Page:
CHICAGO -- The Chicago White Sox entered their series finale on Sunday against the Detroit Tigers with the worst rotation ERA in baseball and the second-worst overall mark. They exited it with a new strikeout record.
Reynaldo Lopez and three relievers combined to strike out 20 Tigers in Chicago's 4-1 win at Guaranteed Rate Field. That tied the MLB record for a nine-inning game.
"Today's outing was one of the best of my career, definitely," Lopez said via White Sox interpreter Billy Russo. "Everything worked perfectly, and I felt good."
Lopez set a career high with 14 whiffs, and relievers Jace Fry, Kelvin Herrera and Alex Colome struck out two apiece. Lopez recorded 13 of his strikeouts with his fastball, the highest total by a White Sox pitcher in the past 10 years.
"The strikeouts, in and of themselves, for me are just a consequence, an outcome," White Sox manager Rick Renteria said. "When their stuff is good and they're executing, it just basically tells you they're on the right track in terms of managing what they're capable of doing."
According to ESPN Stats & Info, the White Sox became the seventh team to record 20 strikeouts in a nine-inning contest.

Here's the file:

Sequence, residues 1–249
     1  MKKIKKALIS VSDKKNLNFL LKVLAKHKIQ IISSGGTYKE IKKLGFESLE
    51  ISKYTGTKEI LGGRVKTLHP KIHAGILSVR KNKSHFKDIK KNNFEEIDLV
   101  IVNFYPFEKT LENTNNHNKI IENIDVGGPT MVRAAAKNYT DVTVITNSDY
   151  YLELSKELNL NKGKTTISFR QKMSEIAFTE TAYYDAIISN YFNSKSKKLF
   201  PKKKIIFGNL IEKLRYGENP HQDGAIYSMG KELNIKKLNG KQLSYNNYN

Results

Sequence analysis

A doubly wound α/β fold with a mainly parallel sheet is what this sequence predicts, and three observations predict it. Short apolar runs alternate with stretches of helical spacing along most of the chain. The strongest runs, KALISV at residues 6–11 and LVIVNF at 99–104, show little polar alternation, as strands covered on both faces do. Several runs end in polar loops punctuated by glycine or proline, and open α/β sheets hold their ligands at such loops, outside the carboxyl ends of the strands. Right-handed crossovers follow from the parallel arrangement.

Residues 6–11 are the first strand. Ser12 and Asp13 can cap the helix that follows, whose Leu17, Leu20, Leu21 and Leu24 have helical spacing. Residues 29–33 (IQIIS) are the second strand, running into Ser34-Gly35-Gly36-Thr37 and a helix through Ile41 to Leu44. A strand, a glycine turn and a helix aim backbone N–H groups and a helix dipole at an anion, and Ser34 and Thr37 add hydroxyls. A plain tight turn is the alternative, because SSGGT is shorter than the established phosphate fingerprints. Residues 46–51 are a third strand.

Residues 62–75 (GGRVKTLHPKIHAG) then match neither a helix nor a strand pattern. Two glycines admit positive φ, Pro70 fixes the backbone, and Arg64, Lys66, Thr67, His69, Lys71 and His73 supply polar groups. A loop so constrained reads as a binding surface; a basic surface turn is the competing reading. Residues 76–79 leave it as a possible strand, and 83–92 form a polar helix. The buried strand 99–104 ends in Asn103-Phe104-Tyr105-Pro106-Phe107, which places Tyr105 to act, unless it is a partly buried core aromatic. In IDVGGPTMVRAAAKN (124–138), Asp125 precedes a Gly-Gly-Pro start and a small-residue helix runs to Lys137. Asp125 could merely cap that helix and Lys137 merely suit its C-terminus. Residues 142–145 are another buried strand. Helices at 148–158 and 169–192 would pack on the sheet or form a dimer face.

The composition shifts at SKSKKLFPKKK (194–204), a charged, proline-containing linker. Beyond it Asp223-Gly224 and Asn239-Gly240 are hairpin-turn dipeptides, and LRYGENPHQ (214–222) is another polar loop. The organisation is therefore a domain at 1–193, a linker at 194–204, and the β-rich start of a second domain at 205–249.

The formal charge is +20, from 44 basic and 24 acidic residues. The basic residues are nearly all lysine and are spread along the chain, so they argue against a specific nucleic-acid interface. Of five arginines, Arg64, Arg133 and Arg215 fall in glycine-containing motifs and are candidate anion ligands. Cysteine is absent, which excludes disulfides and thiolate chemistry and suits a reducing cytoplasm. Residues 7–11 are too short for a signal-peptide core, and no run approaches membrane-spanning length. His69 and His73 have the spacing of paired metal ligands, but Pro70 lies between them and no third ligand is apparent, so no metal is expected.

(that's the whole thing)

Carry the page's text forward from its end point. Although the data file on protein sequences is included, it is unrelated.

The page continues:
Although the White Sox needed four pitchers to tie the record, catcher Welington Castillo was behind the plate for all 20 strikeouts. He joins Rich Gedman (Red Sox), Bill Haselman (Red Sox), Sandy Martinez (Cubs), Chris Ianetta (Angels), Wilson Ramos (Nationals) and Christian Vazquez (Red Sox) as the catchers to accomplish that feat -- not that he was ready to pat himself on the back.
"What can I say?" Castillo said. "I wasn't thinking about that. I was just really focused about the game, making them execute their pitches. I think other people have to talk about [the record]. I don't like to talk about it."
Lopez struck out three in the second and sixth innings and two in each of his other four frames. Fry, Herrera and Colome each logged an inning apiece, so Chicago struck out at least two batters in all nine innings of the game.
The strikeouts set a White Sox franchise record for a game of any length and tied the Tigers' team mark for most times whiffed in a contest. For the White Sox, while the record was nice, what it might mean for a young staff trying to build consistency is more important.
"It is a big deal because this is the big leagues," Renteria said. "It's hard to do that, and it's hard to win a major league ballgame on top of it. I commend them for what they did. Every single guy in that locker room right now is really happy that it happened today to give us a chance to win a ballgame."